This is the most common serial killer. Their main objective for killing is to gain and exert power over their victim. Such killers are sometimes abused as children, which means they feel incredibly powerless and inadequate, and often they indulge in rituals that are linked, often very specifically, to forms of abuse they suffered themselves. One killer, for example, forced young girls to perform oral sex on him, after which he would spank the girl before finally strangling her. After capture, the killer claimed that when he was a child his older sister would force him to perform oral sex on her, then she would spank him in order to terrify him into not telling their parents.[citation needed] The ritual he performed with his victims would negate the humiliation he felt from his abuse as a child, although such relief would only be temporary, and like other such killers, he would soon feel compelled to repeat his actions until eventual capture. (The vast majority of child abuse victims do not become serial killers, of course, meaning that such abuse is not regarded as the sole trigger of such crimes in these cases.) Many power/control-motivated killers sexually abuse their victims, but they differ from hedonistic killers in that rape is not motivated by lust but as simply another form of dominating the victim.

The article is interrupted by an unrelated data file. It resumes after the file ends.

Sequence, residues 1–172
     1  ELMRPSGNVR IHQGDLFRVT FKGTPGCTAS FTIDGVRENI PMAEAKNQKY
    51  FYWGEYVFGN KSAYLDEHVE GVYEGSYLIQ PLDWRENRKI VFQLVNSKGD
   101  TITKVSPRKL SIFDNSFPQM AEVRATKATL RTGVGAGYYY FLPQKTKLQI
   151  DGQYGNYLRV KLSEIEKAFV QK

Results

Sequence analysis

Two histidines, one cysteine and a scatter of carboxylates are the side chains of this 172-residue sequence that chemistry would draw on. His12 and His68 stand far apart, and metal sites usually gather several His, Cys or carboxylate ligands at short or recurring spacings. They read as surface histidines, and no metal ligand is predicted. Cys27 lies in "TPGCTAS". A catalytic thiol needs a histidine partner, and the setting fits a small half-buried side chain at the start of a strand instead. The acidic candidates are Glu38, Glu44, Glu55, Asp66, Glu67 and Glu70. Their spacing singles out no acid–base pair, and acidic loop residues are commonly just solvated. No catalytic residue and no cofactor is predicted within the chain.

Some serial killers may seem to have characteristics of more than one type. For example, British killer Peter Sutcliffe appeared to be both a visionary and a mission-oriented killer in that he claimed voices told him to clean up the streets of prostitutes.

Alternatively, another school of thought classifies motive as being one of three types: need, greed, or power.
Title: Re: What's good about being an attorney?
Post by: MacDonaldTrifecta on November 05, 2006, 05:22:04 AM
Oops, sorry, wrong paste ..
Title: Re: What's good about being an attorney?
Post by: triad on November 05, 2006, 05:25:22 AM

A ton of people go to law school, so there must be some good things I haven't thought of yet.


Of course there are. One of them is money.
Title: Re: What's good about being an attorney?
Post by: ilove on November 05, 2006, 06:33:11 PM